Many orchards in neglected state, aerial study finds

Orchard in England The number of traditional orchards in England have more than halved since 1950

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Nearly half of England's traditional orchards are in a neglected condition, a study of aerial photographs suggests.

Some 35,378 orchards - home to wide varieties of apples and pears, as well as wildlife - were identified by the People's Trust for Endangered Species.

Researchers say 9% are in pristine condition, 46% were in a good state and 45% were in a poor condition.

The five-year project aims to map sites that are in decline to provide a basis for future work to protect them.

The trust said traditional orchards were increasingly at risk because of neglect, intensification of agriculture and pressure from land development.

Anita Burrough, orchard officer for the trust, said: "The mosaic of habitats that comprise a traditional orchard provide food and shelter for at least 1,800 species of wildlife, including the rare noble chafer beetle which relies on the decaying wood of old fruit trees.

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Without proper protection and sensitive management, they can easily slip into decline”

End Quote Peter Brotherton Natural England

"With this loss of habitat, we also face losing rare English fruit varieties, traditions, customs and knowledge, in addition to the genetic diversity represented by the hundreds of species that are associated with traditional orchards."

'Biodiversity hot spots'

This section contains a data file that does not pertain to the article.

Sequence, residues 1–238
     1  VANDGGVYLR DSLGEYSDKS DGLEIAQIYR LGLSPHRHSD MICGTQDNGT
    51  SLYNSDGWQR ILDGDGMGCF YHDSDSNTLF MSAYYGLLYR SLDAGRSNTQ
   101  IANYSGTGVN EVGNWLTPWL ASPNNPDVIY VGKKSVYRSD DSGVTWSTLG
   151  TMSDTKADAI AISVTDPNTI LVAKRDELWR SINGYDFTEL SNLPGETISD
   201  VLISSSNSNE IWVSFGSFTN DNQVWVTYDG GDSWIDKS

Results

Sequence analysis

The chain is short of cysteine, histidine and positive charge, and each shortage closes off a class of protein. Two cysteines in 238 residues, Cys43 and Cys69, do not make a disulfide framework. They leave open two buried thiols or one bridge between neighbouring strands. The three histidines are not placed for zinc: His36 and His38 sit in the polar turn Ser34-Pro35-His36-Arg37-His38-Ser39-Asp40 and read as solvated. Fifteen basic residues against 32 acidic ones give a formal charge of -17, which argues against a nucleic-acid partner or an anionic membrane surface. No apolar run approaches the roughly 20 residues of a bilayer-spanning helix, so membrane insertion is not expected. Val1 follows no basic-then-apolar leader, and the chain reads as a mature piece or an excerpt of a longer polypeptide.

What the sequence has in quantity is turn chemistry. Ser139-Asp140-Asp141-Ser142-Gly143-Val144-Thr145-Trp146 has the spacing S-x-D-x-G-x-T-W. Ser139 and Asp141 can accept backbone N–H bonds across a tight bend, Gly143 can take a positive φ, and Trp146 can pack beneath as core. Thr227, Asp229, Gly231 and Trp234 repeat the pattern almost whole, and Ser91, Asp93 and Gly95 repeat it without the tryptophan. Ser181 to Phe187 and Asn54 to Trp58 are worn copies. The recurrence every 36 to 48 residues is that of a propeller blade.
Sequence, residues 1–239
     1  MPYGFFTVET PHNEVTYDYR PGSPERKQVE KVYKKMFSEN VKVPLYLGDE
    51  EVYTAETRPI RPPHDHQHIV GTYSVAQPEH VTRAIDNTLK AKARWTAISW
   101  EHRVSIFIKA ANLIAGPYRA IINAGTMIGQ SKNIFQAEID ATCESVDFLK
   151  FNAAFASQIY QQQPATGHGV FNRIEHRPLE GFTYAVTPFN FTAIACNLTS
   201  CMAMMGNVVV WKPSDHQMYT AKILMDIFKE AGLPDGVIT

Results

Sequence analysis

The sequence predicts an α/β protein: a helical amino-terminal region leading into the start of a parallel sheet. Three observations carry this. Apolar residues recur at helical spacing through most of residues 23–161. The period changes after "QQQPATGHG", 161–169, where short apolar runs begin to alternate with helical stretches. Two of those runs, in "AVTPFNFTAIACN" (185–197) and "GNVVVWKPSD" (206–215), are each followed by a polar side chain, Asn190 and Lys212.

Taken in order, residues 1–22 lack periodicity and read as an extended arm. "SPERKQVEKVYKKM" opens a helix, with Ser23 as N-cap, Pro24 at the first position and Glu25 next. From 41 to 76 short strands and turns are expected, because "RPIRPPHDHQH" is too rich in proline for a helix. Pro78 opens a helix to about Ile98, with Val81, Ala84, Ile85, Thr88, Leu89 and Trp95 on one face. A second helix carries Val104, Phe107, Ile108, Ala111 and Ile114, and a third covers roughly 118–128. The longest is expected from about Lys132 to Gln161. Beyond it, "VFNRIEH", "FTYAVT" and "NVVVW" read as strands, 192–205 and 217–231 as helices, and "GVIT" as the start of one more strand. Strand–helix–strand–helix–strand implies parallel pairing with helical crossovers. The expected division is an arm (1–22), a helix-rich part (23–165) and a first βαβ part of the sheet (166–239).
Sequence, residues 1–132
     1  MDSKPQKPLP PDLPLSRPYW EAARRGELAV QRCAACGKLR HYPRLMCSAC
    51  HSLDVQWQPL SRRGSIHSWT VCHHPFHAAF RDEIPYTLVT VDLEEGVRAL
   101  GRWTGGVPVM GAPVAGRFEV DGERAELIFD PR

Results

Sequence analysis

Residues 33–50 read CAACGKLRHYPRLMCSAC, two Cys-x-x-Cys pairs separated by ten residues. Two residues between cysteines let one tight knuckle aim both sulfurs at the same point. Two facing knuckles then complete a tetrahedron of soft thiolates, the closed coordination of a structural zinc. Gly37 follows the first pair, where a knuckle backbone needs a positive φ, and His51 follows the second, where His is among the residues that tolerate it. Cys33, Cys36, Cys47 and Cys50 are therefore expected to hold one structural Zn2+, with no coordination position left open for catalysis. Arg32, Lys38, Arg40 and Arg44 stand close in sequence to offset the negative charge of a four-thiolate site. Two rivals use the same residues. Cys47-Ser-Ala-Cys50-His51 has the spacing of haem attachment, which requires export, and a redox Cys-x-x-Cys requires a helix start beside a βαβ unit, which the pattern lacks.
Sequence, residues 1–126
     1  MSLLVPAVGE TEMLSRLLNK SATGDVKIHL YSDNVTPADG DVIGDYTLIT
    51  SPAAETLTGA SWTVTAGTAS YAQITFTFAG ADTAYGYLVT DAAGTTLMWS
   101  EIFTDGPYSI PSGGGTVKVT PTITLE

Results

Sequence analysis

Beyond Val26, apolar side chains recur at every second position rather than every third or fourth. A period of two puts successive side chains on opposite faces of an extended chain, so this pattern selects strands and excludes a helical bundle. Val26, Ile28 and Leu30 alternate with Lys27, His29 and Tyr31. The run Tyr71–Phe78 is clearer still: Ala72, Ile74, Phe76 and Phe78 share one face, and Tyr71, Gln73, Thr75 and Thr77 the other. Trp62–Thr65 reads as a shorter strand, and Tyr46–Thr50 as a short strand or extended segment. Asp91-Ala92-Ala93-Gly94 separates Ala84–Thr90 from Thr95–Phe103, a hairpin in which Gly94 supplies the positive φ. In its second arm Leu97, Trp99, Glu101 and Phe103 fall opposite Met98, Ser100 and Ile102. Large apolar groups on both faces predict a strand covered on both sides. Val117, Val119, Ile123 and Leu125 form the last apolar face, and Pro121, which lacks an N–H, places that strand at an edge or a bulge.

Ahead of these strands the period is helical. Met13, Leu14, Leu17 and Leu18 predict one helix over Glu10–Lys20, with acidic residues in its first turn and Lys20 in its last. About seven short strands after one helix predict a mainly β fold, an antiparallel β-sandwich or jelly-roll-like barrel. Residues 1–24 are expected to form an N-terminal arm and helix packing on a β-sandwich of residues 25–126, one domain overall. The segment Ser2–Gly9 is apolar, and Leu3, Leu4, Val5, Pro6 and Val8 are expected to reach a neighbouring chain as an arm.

The first ever survey of orchards from the air started with conservationists from the trust searching photographs. Orchards can be identified because of the planting patterns which sees the trees growing in evenly spaced lines.

A fifth of the orchards discovered were then surveyed by volunteers, to record species, age and condition of the fruit trees.

The trust hopes its work will be used to monitor targets to restore sites, while working with owners to provide advice and inform local planning policies and development.

Traditional orchards - home to apple varieties such as Peasgood's Nonsuch and Sheep's Snout - tend to be cultivated without pesticides and use animals for grazing instead of mowing.

But numbers are said to have declined by 63% since 1950.

Peter Brotherton, head of biodiversity for government agency Natural England, which part funded the study, said: "Traditional orchards can be biodiversity hot spots, but without proper protection and sensitive management, they can easily slip into decline."

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